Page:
Former Shasta County physician Dr. Frank Fisher was acquitted Tuesday of charges that he had defrauded the state Medi-Cal system, ending a nightmarish six-year legal odyssey that began with his being charged as a murdering drug dealer. Prosecutors who once charged him with multiple counts of murder saw their last chance to nail Fisher for any criminal violations end in a Redding jury room with eight verdicts of innocent.
The 1999 arrest of Fisher, along with local pharmacy owners, Steven and Madeline Miller, marked the beginning of a sensational, if ill-begotten, prosecution. Shasta County prosecutors indicted Fisher for the deaths of several patients, bizarrely including those of one patient who was a passenger in a fatal traffic accident and of one person who was not a patient but had stolen drugs from Fisher's patient.
When Fisher and the Millers were arrested, California Attorney General Bill Lockyer said they had joined in "a highly sophisticated drug-dealing operation" that caused deaths, got hundreds of people hooked on drugs, and cost Medi-Cal about $2 million. After national publicity and much ridicule, those charges were dropped in January 2003.
Fisher has resolutely maintained his innocence all along, arguing that he was singled out for prosecution because he was one of the few physicians brave enough to prescribe high doses of narcotic pain relievers. His Westwood Walk-In Clinic in Redding served hundreds of patients in pain, including many poor people whose costs were paid by Medi-Cal. That Medi-Cal was footing the bill had something to do with charges being filed, too. "Prescribing opioids for pain is the most dangerous thing a doctor can do, particularly if he treats poor people," Fisher said.
It was Medi-Cal fraud charges that were at the core of Fisher's latest legal case. Prosecutors originally charged Fisher with 99 counts of medical fraud regarding Medi-Cal claims and improper prescribing, but a state court judge dismissed all but eight misdemeanor counts of improper billing earlier this year. Now, he has been found innocent.
"Prosecutors reactivated this case when their other case was falling apart," said Fisher. "The charges are seven or eight years old, and they basically amounted to allegations I stole $150 from the Medi-Cal program. The jury didn't buy it, but between the county and the state, they've spent tens of thousands of dollars on this case – and that's just for expert witnesses."
Here's what one juror had to say to Dr. Fisher in an e-mail he received after the trial: "I was juror #1. Now that I am home and can read about you on the Internet, my heart really goes out to you for what you have been through. I was upset that the prosecutor wasted my time and the court's time on such a weak case. But now that I know what you have really been through I feel embarrassed and selfish to be thinking about my own time. I hope you can reopen your clinic some day and get back to practicing medicine, in your office or back room or anywhere you choose. Thanks for doing the job most doctors won't."
But Dr. Fisher can't get back to practicing medicine just yet. "Having failed to win any convictions, the attorney general is now going to prosecute me yet again on the same charges, this time before the state medical board. They will try to go after my license in an administrative venue this time. It seems to me that there is something slightly unconstitutional in the same prosecutorial agency trying a guy three times in a row on the same charges in different venues."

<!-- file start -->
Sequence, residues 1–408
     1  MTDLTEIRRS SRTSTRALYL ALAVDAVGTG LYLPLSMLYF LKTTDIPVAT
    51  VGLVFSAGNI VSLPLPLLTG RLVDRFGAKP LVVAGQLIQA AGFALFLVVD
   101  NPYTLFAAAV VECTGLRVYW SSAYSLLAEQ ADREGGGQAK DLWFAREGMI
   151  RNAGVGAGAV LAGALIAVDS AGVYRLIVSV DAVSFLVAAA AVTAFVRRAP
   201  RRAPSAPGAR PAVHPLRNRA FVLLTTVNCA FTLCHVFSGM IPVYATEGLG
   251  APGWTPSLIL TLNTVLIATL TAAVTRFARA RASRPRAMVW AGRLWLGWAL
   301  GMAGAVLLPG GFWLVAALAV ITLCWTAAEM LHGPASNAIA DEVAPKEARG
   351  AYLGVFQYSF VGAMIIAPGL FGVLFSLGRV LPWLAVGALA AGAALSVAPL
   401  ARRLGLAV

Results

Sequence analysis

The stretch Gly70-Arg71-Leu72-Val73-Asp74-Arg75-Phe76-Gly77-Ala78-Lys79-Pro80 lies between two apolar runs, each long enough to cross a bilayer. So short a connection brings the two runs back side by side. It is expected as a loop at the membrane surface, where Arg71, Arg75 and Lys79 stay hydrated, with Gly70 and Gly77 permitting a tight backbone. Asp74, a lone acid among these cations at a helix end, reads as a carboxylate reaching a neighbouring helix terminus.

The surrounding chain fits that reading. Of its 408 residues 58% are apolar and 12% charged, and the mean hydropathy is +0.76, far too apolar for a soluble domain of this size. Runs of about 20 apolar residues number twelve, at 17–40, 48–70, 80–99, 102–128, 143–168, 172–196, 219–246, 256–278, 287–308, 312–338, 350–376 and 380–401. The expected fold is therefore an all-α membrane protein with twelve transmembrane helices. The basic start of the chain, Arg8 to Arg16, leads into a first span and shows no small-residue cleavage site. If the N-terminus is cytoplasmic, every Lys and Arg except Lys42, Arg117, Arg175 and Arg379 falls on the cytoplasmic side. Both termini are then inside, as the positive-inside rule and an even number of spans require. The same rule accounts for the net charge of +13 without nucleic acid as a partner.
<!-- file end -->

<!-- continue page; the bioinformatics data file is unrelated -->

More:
But despite the remaining hurdle, pain patient advocates and Fisher supporters are claiming victory and demanding accountability from the officials involved. "Dr. Fisher's case signals the pressing need for systemic governmental reform at the state and federal level while highlighting the dangers present when the law enforcement community seeks to impose its outdated views on cutting edge medical practice," said Siobhan Reynolds of the pain patient advocacy group the Pain Relief Network (http://www.painreliefnetwork.org).
"Over five years ago, Attorney General Bill Lockyer came to Redding and declared that by arresting and detaining Dr. Fisher, his prosecutors had shut down the biggest drug ring in the history of Northern California," Reynolds continued. "Apparently unaware that aggressive pain management had become a widely recognized imperative of mainstream medicine, Lockyer sought to characterize Dr. Fisher's practice as sinister. Most of Dr. Fisher's patients have been unable to obtain the quality of pain care they'd received from him, hundreds have deteriorated unnecessarily, and several have died as a result. At the time of Dr. Fisher's arrest, for example, twenty-five people who had been working, with Dr. Fisher's help, were forced to apply for full disability. In response, PRN intends to hold the State of California and participating counties and municipalities accountable for their wanton and reckless conduct."
Come back next week for an in-depth interview with Dr. Fisher on his ordeal and the broader issues of pain relief and law enforcement. In the meantime, visit his web site at http://www.drfisher.org online.
Visit http://stopthedrugwar.org/chronicle/150/fishercase.shtml for our summer 2000 interview with Dr. Fisher and the Millers.